Cytology will always been an important skill in the armoury of a pathologist and I don’t want people to get the idea that I am dead against it as a sub-speciality of cellular pathology. There are many situations where FNA with air dried slides and or pap stains are all that is needed to make a diagnosis. In staging head and neck cancers for example, a simple FNA is enough to stage oral cavity SCC in combination with clinical examination and imaging. Papillary thyroid carcinoma can be confirmed with FNA cytology in an appropriate context.  Most benign salivary gland tumours can be accurately diagnosed with FNA and screening serous fluids can be done cheaply and rapidly without resorting to cell block preparations in the majority of cases. The number of situations where cytology alone is enough without cell block preparations is however dwindling and with pathologists becoming increasingly sub-specialised, cytologists who also have diagnostic expertise in thoracic, pancreaticobiliary and GI pathology are an increasingly rare species. ROSE can be a valuable service in support of EUS and EBUS, particularly during the aspirating physician’s early learning curve, but our experience highlights that ROSE is not necessary when an alternative reliable sample preparation method such as the PMCB is available.  Success and happiness is not only measured by wealth so if you work with limited resources but still want to support EUS/EBUS, the poor man’s technique may bring you rewards without ROSE.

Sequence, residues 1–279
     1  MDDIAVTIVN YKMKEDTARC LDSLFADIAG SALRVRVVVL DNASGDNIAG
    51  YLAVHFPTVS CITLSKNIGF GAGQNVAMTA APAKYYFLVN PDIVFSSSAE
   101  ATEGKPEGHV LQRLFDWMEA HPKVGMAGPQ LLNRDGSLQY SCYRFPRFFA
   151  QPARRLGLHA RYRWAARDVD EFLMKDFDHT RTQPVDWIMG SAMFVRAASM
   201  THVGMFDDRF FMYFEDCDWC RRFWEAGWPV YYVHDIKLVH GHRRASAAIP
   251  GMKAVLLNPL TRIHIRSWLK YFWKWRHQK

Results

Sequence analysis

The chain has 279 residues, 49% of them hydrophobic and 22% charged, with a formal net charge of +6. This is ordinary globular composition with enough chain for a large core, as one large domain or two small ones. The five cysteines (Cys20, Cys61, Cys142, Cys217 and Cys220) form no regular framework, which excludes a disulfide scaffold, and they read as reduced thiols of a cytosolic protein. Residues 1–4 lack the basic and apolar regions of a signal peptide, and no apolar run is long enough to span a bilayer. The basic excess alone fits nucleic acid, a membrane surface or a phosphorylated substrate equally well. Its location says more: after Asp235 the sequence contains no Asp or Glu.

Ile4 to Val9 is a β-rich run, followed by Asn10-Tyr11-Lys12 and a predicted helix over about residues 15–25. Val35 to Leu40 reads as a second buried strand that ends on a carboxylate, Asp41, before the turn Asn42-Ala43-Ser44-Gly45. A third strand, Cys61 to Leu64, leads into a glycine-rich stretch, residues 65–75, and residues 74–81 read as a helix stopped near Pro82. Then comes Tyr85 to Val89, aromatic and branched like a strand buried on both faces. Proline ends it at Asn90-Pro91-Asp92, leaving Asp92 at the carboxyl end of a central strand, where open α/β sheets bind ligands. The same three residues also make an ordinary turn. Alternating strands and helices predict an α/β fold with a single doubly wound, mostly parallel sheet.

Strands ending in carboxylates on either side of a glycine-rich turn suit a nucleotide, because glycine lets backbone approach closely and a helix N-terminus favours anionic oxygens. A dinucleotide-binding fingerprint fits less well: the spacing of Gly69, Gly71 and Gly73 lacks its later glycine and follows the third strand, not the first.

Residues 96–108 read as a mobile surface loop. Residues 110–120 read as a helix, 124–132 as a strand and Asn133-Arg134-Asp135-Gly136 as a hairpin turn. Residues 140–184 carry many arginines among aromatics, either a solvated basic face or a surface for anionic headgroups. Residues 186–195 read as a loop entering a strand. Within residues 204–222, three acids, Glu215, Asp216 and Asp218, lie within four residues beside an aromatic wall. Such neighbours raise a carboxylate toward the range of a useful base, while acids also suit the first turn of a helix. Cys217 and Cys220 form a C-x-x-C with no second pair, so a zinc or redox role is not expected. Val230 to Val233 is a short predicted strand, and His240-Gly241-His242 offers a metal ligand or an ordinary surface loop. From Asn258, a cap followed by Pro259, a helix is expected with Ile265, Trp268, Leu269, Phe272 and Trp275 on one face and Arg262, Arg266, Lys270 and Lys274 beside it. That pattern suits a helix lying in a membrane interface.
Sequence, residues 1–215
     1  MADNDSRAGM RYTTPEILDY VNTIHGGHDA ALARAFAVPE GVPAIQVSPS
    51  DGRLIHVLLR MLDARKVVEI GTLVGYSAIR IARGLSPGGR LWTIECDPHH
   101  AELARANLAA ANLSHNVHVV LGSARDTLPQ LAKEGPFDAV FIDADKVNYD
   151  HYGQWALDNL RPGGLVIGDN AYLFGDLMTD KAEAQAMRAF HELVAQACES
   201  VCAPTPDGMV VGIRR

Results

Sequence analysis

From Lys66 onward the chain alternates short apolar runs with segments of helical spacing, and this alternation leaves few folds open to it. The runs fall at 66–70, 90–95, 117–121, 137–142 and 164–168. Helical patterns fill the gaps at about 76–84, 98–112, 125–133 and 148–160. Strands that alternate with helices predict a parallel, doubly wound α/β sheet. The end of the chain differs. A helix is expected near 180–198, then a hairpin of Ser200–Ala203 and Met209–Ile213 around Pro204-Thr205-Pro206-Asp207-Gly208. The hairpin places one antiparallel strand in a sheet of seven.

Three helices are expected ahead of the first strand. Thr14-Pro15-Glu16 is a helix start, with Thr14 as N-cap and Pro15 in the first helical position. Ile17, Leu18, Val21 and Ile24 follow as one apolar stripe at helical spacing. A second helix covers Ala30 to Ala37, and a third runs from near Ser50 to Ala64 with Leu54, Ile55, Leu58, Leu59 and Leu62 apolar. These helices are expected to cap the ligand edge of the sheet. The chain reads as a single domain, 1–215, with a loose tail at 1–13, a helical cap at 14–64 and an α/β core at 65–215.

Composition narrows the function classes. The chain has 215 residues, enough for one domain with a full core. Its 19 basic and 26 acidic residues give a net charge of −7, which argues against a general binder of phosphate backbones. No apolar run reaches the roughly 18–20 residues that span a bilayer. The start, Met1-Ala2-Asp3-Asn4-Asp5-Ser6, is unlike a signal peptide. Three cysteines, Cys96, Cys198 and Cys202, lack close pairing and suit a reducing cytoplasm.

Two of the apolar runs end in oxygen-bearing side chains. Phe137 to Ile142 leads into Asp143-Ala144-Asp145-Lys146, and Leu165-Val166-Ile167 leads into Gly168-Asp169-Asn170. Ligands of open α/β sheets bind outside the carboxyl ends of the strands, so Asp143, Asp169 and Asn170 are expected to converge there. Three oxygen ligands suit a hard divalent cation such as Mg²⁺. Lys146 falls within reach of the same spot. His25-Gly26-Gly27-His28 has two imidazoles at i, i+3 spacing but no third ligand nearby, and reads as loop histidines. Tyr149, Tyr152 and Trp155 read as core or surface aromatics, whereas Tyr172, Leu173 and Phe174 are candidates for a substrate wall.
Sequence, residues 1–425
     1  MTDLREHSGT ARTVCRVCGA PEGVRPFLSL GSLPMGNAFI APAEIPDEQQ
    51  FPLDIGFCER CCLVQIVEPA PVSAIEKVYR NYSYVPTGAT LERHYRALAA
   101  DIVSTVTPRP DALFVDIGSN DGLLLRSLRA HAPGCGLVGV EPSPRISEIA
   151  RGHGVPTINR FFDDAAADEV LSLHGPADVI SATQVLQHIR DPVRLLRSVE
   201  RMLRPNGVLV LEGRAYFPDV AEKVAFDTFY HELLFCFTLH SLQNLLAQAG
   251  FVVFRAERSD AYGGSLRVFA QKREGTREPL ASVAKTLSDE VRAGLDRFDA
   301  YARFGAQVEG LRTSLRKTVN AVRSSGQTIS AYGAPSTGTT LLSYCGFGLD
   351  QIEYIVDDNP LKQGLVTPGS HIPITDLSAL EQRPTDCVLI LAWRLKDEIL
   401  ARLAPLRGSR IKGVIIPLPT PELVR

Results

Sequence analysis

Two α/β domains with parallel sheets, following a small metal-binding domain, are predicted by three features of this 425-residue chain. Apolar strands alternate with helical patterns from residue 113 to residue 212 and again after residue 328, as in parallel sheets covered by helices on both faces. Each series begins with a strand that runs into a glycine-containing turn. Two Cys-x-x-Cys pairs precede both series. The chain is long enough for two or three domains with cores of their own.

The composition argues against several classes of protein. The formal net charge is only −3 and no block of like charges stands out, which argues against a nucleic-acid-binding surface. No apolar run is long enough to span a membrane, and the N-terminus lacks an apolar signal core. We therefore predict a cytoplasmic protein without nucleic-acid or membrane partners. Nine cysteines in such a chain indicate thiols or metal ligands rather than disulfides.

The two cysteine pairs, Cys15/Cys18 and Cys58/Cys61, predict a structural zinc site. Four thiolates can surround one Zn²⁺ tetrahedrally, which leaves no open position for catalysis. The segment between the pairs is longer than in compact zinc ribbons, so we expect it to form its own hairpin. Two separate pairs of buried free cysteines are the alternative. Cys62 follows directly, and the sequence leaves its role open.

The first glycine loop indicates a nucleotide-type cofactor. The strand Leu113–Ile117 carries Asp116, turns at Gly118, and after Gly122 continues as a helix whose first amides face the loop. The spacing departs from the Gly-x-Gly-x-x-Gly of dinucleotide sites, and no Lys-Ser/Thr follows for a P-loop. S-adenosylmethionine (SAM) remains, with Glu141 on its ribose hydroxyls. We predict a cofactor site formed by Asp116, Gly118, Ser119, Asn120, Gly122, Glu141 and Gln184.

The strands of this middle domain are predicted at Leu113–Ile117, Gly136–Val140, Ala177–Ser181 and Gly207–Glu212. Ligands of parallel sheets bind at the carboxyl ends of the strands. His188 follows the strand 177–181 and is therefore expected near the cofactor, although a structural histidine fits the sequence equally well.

Advantage of PMCB versusLimitations of ROSE cytology
Cheap, with no special equipment or attending pathology staff neededExpensive and time consuming with cytology staff and expertise required on site
The entire specimen is available for further testingLesional and non-lesional (mucosal) sampling are spatially separated in the block and slidesA considerable proportion of the specimen remains on slidesLesional and non-lesional material can be mixed and gastric epithelium potentially confused with mucinous tumour.
Stromal, vascular and nerve invasion can be demonstrated Cytology cannot distinguish in situ and invasive neoplasia except by inference
GISTs commonly sampled and often enough material to grade and prognosticateLesional material on cytology slides not sufficient for mitotic counts or IHC
Rare neoplasms, lymphoma and sarcoma can be diagnosed and subtypedRare neoplasms may be suspected using cytology but cannot be confirmed
Specimens can be allocated by speciality and expertise to non-cytologistsCases can only be reported by those with cytology experience and expertise